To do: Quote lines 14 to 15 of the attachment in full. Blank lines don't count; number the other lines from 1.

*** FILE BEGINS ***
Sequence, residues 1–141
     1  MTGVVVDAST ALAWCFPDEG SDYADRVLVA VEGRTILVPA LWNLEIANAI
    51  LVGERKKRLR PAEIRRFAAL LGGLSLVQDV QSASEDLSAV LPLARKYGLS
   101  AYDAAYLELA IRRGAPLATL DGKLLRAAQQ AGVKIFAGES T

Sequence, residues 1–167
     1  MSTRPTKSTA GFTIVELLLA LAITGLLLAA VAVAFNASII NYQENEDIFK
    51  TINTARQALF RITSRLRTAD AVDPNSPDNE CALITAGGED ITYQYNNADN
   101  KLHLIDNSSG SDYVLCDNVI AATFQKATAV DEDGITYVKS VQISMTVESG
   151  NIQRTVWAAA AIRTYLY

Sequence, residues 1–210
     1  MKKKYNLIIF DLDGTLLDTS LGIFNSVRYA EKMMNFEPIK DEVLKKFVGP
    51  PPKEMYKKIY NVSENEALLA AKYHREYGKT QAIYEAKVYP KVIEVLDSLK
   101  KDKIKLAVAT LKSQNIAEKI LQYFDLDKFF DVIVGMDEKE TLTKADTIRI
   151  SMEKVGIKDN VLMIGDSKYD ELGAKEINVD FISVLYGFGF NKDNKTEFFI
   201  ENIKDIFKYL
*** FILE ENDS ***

   151  SMEKVGIKDN VLMIGDSKYD ELGAKEINVD FISVLYGFGF NKDNKTEFFI
   201  ENIKDIFKYL